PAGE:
Five Lesser-Known U.S. Disasters
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Five Lesser-Known U.S. Disasters

Molasses never moved so fast.

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Five Lesser-Known U.S. Disasters
Mother Earth News

One night I was talking to my roommate and started thinking about the Great Molasses Flood of 1919. She had never heard of it. So I began asking everyone if they had heard of it. Mostly the answer was no. And I began to wonder, why doesn't anyone know about this catastrophe and which others do I not know about?

1. The Great Molasses Flood


Arthur P. Jell, the treasurer of the Purity Distilling Company oversaw the construction of a 98 feet in diameter and 58 feet tall tank in 1915 that would hold Caribbean molasses. The molasses would be distilled into rum and industrial alcohol. During the process, however, he consulted nary an engineer or architect, he took no safety precautions, and he ignored advice that said that it was unstable. Residents of the neighborhood also complained that the tank leaked, but the company took no action to correct the problem. They were making a lot of money because of the huge tank, so there couldn't be a issue, right?

Wrong. On an unseasonably warm day, Jan. 15, 1919, the tank collapsed, sending an estimated 2.3 - 2.5 million gallons of molasses through the streets of the North End of Boston. The wave of molasses was between 15 and 40 feet tall and moved at a speed of 35 mph. The next time someone tells you that you move as slow as molasses in the wintertime, remind them of this event.

The flood took out many buildings and left destruction in its wake. Casualties included 21 deaths and 150 injuries. Many horses were stuck in the sticky substance and had to be shot because they could not be removed. The city had to be cleaned with pressurized salt water. This took much man power and many weeks. In the cleanup time, spectators came to the city and tracked molasses all over Boston. It was said that in the hottest summers, the smell of molasses was still in the air.


2. New London School Explosion

March 18, 1937: The Consolidated School of New London, Texas was built near oil rigs for around $1 million after Roosevelt's New Deal with the combination of state, county and federal funds. Originally, it used natural gas, but was soon convinced to save money by using a less stable waste gas to heat the building and water. This gas was odorless and built up in the school until something caused it to explode.

At 3:05 p.m. the roof shot off the building and crashed back down, killing about 500 teachers and students. 200 escaped with injuries and amazingly some walked out unharmed. Nearby towns rushed to New London's aid, with volunteers coming to pull people out and setting up aid stations in their towns.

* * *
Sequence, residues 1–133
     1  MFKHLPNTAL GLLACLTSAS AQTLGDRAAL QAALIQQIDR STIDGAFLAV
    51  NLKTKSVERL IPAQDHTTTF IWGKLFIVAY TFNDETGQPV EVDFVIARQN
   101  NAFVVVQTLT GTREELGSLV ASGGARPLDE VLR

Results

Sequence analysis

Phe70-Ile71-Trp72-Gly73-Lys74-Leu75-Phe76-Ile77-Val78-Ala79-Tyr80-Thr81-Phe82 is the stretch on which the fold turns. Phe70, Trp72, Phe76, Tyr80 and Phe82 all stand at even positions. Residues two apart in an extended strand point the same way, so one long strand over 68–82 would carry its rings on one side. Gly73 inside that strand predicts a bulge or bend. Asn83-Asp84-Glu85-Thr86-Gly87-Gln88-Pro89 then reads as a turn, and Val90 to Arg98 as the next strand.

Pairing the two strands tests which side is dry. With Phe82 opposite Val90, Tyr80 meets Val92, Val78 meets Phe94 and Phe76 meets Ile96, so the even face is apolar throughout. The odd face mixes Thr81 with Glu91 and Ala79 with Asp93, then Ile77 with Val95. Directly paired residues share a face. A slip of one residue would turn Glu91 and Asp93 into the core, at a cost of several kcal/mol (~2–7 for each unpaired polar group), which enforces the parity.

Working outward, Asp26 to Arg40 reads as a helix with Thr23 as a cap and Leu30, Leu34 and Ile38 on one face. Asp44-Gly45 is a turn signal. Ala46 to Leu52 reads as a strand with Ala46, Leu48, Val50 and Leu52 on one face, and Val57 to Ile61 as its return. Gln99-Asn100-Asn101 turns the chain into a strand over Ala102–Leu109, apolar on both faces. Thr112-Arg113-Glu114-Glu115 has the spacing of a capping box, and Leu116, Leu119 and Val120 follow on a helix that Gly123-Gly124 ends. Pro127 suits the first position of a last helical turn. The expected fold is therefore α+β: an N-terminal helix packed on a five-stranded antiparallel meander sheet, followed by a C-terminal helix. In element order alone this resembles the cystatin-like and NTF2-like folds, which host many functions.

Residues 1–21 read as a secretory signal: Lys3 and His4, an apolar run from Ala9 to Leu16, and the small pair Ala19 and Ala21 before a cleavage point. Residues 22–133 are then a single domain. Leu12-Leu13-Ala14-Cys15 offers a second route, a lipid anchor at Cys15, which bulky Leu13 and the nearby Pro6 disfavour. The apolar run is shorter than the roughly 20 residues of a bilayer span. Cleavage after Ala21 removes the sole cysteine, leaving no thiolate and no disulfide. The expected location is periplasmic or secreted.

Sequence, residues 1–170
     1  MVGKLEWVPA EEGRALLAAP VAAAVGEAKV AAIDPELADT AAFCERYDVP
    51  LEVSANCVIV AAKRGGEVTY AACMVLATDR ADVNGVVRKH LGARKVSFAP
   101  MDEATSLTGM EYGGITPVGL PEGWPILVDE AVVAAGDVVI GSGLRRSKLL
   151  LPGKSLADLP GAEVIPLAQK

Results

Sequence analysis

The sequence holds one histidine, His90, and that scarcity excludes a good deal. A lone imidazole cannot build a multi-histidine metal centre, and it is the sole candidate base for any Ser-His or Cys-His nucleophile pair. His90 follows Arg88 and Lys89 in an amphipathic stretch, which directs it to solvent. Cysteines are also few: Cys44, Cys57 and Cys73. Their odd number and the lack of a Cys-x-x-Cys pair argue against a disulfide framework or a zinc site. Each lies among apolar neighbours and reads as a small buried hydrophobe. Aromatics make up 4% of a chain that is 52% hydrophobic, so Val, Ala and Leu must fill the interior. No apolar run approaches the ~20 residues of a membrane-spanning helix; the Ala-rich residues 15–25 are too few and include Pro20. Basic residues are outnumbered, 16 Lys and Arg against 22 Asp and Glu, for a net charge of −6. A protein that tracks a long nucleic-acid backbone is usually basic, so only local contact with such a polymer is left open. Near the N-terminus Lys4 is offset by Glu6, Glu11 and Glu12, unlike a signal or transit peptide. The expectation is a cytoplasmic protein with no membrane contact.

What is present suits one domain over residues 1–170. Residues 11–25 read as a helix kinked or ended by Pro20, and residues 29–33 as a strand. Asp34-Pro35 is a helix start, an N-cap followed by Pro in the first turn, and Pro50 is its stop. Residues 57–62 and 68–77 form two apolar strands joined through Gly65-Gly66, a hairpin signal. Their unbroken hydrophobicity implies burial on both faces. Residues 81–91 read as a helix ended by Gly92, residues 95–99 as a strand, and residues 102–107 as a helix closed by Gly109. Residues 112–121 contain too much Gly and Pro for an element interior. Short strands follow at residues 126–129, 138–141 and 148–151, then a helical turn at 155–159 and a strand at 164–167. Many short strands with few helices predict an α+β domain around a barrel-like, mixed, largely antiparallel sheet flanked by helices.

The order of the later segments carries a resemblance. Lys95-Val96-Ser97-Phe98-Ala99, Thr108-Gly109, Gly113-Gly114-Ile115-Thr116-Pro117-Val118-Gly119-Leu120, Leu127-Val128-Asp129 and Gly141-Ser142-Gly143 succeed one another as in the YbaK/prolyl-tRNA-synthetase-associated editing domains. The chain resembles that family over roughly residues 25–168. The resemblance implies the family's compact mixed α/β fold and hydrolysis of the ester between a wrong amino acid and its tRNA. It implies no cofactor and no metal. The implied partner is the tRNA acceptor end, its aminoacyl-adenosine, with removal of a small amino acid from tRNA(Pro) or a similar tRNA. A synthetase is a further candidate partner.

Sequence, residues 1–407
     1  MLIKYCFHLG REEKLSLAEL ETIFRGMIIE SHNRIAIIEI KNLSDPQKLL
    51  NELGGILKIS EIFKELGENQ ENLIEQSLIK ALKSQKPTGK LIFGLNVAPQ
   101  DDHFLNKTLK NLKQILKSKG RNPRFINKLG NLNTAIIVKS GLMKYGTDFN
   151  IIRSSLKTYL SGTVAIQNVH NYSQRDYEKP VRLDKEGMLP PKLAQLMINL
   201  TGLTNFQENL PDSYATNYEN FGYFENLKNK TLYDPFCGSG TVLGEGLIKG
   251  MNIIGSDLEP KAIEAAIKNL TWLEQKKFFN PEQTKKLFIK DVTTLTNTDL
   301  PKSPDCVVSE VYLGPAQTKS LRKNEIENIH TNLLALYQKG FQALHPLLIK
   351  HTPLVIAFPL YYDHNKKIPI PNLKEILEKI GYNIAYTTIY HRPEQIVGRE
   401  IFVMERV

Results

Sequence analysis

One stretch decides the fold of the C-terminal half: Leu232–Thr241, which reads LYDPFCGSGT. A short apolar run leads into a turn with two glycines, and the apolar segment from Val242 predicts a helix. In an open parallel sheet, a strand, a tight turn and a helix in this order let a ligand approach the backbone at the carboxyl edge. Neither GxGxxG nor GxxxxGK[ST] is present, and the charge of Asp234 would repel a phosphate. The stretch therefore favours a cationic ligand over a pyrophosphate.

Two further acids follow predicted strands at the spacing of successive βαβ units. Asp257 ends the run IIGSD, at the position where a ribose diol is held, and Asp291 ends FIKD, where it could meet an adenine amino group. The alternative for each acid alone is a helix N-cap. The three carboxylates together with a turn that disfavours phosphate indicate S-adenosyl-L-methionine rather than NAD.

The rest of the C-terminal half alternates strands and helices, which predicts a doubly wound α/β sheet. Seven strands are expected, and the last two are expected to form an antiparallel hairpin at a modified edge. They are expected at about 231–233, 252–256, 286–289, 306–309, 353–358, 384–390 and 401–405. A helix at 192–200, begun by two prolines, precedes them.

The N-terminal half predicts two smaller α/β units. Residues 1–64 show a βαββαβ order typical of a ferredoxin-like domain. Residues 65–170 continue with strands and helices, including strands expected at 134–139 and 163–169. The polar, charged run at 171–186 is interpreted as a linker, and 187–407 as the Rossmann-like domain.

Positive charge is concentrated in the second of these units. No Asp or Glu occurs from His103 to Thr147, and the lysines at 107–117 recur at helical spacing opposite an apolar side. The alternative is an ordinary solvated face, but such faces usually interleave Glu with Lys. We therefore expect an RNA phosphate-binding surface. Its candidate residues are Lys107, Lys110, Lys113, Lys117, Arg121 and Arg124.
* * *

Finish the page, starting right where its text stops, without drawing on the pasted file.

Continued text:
This waste gas is now burned at the site of the extraction and is not used to heat schools.


3. Tacoma Narrows Bridge Collapse

Nov. 7, 1940

Leon Solomon Moisseiff, an early 20th century suspension bridge engineer, opened his two-lane suspension bridge that was more than a half mile long, on July 1, 1940 after a 19-month construction period. It was lightweight with an art-deco design. Although other engineers had concerns, Moisseiff said that it was "the most beautiful bridge in the world." Local media referred to it as "Galloping Gertie" because the blowing wind created large and long-lasting waves.

Spectators surfed the waves while others complained of motion sickness. On Nov. 7, 1940 Professor F.B. Farquharson of the University of Washington and his research team brought a camera to record the movements of the bridge for further study. This also happened to be the day of the collapse. A cable clamp slipped around 10 a.m. and the bridge began to twist. It was immediately closed. One car abandoned on the bridge contained a three-legged Cocker Spaniel named Tubby. He was unable to be rescued and it the only casualty of the event. :(

Watch the video of the collapse below:

4. Legionnaire's Disease Outbreak

Between July and August of 1976, over 200 people came down Legionnaire's disease after visiting the Bellevue-Stratford Hotel in Philadelphia, Pennsylvania. Many had attended the American Legion's annual meeting. The patients had high fevers and pneumonia. The Philadelphia Health Department alerted the Centers for Disease Control (CDC) of the correlation between the meeting and the disease. They sent epidemiologists and scientists to investigate but could not determine the cause of the disease until Dec. 28, when a scientist reexamined some old slides and and found the bacteria Legionella pneumophila. The bacteria lives in things like air conditioners and shower faucets (think about that the next time you brush your teeth in the shower).


5. Crash of American Airlines 191

I saved this one for last because I found it to be both fascinating and terrifying.

On May 25, 1979, American Airlines 191 took off from Chicago's O'Hare International Airport. Disaster struck when the main left engine fell off the plane before takeoff. The engine took with it the hydraulics system for the take off and landing equipment, as well as the captain's electronic controls. Amazingly, the plane was able to get off the ground but soon fell 4,600 feet away from the runway where it landed on its left wing in a nearby field in a fiery explosion. It killed all 258 passengers, 13 crew members and two people on the ground.

The crash is demonstrated in the video below:

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